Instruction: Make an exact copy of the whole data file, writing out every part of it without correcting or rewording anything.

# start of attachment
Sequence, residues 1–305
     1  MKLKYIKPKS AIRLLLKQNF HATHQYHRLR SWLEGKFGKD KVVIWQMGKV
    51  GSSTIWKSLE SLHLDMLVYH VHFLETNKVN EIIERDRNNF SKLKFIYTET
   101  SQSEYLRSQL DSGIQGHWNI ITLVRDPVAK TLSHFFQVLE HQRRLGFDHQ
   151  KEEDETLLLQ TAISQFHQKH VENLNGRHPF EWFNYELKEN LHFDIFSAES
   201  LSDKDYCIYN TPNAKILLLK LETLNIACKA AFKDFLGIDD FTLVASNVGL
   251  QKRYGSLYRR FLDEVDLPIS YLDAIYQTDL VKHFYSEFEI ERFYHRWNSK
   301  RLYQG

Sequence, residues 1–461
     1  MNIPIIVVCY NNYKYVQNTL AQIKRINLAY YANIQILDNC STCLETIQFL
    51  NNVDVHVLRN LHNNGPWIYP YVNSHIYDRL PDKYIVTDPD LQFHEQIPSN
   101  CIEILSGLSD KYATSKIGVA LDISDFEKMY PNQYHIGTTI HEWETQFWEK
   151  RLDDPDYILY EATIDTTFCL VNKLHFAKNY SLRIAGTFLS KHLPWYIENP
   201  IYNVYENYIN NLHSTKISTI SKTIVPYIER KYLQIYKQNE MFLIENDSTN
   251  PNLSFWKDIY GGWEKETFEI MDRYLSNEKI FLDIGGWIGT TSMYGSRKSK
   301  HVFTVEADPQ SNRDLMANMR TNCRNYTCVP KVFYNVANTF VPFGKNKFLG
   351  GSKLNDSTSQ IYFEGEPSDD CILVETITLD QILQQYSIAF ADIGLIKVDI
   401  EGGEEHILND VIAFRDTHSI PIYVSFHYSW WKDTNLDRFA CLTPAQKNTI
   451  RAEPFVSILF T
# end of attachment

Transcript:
Sequence, residues 1–305
     1  MKLKYIKPKS AIRLLLKQNF HATHQYHRLR SWLEGKFGKD KVVIWQMGKV
    51  GSSTIWKSLE SLHLDMLVYH VHFLETNKVN EIIERDRNNF SKLKFIYTET
   101  SQSEYLRSQL DSGIQGHWNI ITLVRDPVAK TLSHFFQVLE HQRRLGFDHQ
   151  KEEDETLLLQ TAISQFHQKH VENLNGRHPF EWFNYELKEN LHFDIFSAES
   201  LSDKDYCIYN TPNAKILLLK LETLNIACKA AFKDFLGIDD FTLVASNVGL
   251  QKRYGSLYRR FLDEVDLPIS YLDAIYQTDL VKHFYSEFEI ERFYHRWNSK
   301  RLYQG

Sequence, residues 1–461
     1  MNIPIIVVCY NNYKYVQNTL AQIKRINLAY YANIQILDNC STCLETIQFL
    51  NNVDVHVLRN LHNNGPWIYP YVNSHIYDRL PDKYIVTDPD LQFHEQIPSN
   101  CIEILSGLSD KYATSKIGVA LDISDFEKMY PNQYHIGTTI HEWETQFWEK
   151  RLDDPDYILY EATIDTTFCL VNKLHFAKNY SLRIAGTFLS KHLPWYIENP
   201  IYNVYENYIN NLHSTKISTI SKTIVPYIER KYLQIYKQNE MFLIENDSTN
   251  PNLSFWKDIY GGWEKETFEI MDRYLSNEKI FLDIGGWIGT TSMYGSRKSK
   301  HVFTVEADPQ SNRDLMANMR TNCRNYTCVP KVFYNVANTF VPFGKNKFLG
   351  GSKLNDSTSQ IYFEGEPSDD CILVETITLD QILQQYSIAF ADIGLIKVDI
   401  EGGEEHILND VIAFRDTHSI PIYVSFHYSW WKDTNLDRFA CLTPAQKNTI
   451  RAEPFVSILF T